Includes aspects of genetics, cell and molecular biology, comparative biology, neurophysiology, neurochemistry, and more.
The field of neural control of breathing has advanced rapidly in the past two decades, with the emergence of many new and promising research directions of increasing sophistication. The complexity and diversity of the current methodologies signify its remarkable vivacity, albeit at the price of much confusion. Captured in this book are the broad and intricate nature of the field and its multifaceted frontiers, including aspects of genetics, cell and molecular biology, comparative biology, neurophysiology, neurochemistry, neuroanatomy, imaging, human physiology in health and disease, and influence of environmental factors. Major topics include chemosensitivity, respiratory sensation, respiratory neurons, rhythmogenesis, plasticity, development, chemoreflex and exercise, respiratory instability and variability with behavioral and sleep states, etc., which are systematically laid out in the book for easy referencing.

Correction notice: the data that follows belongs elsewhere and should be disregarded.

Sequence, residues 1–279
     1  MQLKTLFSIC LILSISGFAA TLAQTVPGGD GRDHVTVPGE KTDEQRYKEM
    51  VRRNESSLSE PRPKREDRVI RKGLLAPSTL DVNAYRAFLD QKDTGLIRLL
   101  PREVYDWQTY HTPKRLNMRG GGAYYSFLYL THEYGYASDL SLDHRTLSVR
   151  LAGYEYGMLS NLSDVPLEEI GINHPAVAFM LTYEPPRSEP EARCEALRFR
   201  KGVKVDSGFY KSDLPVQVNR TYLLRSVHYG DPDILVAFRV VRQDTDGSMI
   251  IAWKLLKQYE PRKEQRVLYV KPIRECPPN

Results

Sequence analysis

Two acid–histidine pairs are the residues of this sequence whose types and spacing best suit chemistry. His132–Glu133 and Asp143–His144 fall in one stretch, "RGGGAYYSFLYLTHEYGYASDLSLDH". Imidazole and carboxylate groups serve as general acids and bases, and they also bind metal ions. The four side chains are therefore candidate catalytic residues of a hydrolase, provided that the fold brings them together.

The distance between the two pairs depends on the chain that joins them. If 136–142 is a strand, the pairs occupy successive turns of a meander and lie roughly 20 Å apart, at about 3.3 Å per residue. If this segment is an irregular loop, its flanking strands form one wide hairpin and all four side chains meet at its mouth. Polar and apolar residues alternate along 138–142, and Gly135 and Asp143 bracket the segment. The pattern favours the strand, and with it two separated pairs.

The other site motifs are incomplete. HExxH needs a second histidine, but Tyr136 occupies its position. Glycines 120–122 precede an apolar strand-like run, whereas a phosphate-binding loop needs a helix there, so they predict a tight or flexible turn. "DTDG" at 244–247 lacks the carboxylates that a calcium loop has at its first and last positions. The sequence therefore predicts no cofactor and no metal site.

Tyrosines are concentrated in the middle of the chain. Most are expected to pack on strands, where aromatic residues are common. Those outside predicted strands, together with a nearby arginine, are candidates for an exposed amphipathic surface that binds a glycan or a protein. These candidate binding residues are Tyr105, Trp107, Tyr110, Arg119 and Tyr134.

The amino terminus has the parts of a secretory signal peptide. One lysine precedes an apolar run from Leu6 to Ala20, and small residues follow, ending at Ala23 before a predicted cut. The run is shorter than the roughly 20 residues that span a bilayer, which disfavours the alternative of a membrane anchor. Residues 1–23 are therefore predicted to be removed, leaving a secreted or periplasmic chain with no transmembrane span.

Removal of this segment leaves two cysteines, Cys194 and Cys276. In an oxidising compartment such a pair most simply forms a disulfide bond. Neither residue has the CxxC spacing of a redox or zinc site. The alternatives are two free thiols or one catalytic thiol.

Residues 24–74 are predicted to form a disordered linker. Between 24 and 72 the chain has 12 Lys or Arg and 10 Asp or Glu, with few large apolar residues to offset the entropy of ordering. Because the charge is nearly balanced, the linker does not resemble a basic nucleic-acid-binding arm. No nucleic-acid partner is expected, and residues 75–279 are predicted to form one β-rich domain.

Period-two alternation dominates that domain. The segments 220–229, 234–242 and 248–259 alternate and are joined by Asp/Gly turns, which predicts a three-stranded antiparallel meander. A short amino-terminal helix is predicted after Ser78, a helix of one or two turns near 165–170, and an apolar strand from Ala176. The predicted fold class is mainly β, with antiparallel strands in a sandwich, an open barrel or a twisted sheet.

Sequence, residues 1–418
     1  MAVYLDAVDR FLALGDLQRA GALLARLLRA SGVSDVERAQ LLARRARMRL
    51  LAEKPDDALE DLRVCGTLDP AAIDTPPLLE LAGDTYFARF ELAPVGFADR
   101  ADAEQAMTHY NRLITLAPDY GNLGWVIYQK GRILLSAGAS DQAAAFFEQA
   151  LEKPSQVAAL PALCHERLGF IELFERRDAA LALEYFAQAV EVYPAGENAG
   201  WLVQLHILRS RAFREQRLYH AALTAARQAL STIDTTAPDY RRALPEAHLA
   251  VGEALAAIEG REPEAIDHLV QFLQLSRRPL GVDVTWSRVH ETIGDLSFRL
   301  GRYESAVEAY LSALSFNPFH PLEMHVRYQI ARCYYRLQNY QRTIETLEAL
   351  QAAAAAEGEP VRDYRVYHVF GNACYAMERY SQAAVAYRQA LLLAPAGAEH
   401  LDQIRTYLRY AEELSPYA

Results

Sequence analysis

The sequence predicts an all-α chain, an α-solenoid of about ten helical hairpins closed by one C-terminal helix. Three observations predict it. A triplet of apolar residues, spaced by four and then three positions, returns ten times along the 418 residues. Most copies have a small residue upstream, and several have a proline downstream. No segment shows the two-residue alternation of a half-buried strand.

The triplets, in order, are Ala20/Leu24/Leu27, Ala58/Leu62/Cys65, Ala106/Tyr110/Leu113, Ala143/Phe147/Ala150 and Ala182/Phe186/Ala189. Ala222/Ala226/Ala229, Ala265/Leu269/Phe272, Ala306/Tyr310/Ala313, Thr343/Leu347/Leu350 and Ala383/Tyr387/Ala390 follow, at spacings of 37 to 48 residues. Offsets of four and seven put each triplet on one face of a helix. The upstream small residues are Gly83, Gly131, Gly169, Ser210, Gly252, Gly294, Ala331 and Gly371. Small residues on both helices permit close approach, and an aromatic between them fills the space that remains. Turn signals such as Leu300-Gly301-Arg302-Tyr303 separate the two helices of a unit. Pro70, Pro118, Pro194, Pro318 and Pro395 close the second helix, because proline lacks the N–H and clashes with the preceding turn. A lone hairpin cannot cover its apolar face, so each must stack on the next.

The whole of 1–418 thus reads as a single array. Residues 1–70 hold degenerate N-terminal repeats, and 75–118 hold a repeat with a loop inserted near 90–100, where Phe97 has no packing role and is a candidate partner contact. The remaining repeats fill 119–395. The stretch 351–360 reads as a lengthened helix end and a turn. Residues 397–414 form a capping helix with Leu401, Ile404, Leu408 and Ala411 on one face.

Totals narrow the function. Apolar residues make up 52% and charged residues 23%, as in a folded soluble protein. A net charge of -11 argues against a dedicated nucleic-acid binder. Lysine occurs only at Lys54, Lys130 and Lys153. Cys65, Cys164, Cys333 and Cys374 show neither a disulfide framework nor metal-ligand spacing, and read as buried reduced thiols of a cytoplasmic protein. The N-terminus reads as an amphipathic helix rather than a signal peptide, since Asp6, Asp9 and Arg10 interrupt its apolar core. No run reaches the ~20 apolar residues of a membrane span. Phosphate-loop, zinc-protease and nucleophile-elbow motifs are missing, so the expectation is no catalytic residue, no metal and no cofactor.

Preface. Acknowledgements. Oxford Conference: The Past, Present and Future. 1. Remembrance of `Oxford' Conferences Past; B.J. Whipp. 2. Workshop on Modeling in the 21st Century. An Executive Summary; VIII Oxford Conference Panel on Biomedical Modeling. Central and Peripheral Chemoreceptors. 3. Central Respiratory Chemosensitivity: Cellular and Network Mechanisms; D. Ballantyne, P. Scheid. 4. Chemoreception and Tonic Drive in the Retrotrapezoid Nucleus (RTN) Region of the Awake Rat: Bicuculline and Muscimol Dialysis in the RTN; E.E. Nattie. 5. Chronic Intermittent Hypoxia Enhances Carotid Body Chemoreceptor Response to Low Oxygen; Y. Peng, et al. 6. Neurotransmitter Release from the Rabbit Carotid Body: Differential Effects of Hypoxia on Substance P and Acetylcholine Release; D.-K. Kim, et al. 7. Muscarinic Receptors Influence Catecholarnine Release from the Cat Carotid Body during Hypoxia; H.-Y.J. Wang, R.S. Fitzgerald. 8. Pharmacological and Immunochemical Evidence of the Dopamine D3 Receptor in the Goat Carotid Body; Z.-Y. Wang, et al. 9. The Excitatory Effect of Nitric Oxide on Carotid Body Chemoreception is Blocked by Oligomycin; R. Iturriaga, M. Mosqueira. 10. CO2/HCO3-Modulates K+ and Ca2+ Current in Glomus Cells of the Carotid Body; J.L. Overholt, et al. +2 additional chapters 13. Role of Brainstem Respiratory Neuron Types in Phase-Switching Produced by Afferent Vagal Stimulation; MI. Cohen, et al. 14. Modulation of the Central Respiratory Effects of 5-HT by Vagal Afferents in Newborn Rat; J.-Ch. Glérant, et al.15. Activation of Medullary Post-Inspiratory Related Neurons during Clonidine-Induced Central Apnea in Anesthetized Goats; K.D. O'Halloran, et al. 16. Respiratory Control of Hypoglossal Motoneurons; J.H. Peever, J. Duffin. 17. Projections from Brainstern GABAergic Neurons to the Phrenic Nucleus; G. Song, M. Aoki. 18. Optical Recording of the Neuronal Activity in the Brainstem-Spinal Cord. Application of a Voltage-Sensitive Dye; Y. Okada, et al. 19. Interfacing Computer Models with Real Neurons: Respiratory `Cyberneurons' Created with the Dynamic Clamp; Ch.G. Wilson, et al. Respiratory Rhythm and Pattern Generation. 20. Is the Vertebrate Respiratory Central Pattern Generator Conserved? Insights from In-Vitro and In-Vivo Amphibian Models; M.S. Hedrick, et al. 21. Unstable Breathing Rhythms and Quasiperiodicity in the Pre-Bötzinger Complex; Ch.A. Del Negro, et al. 22. Stationary Organotypic Culture of the Pre-Bötzinger Complex from the Newborn Rat; H. Rigatto, et al. 23. Respiratory Rhythm Generation: Pre-Bötzinger Neuron Discharge Patterns and Persistent Sodium Current; D.R. McCrimmon, et al. 24. Roles of the Bötzinger Complex in the Formation of Respiratory Rhythm; G. Song, et al. 25. Models of Neuronal Bursting Behavior: Implications for In-Vivo versus In-Vitro Respiratory Rhythmogenesis; I.A. Rybak, et al. 26. Neurogenesis of the Respiratory Pattern: Insights from Computational Modeling; I.A. Rybak, et al. 27. Reconfiguration of the Central Respiratory Network under Normoxic and Hypoxic Conditions; S.P. Lieske, et al. 28. How Is the R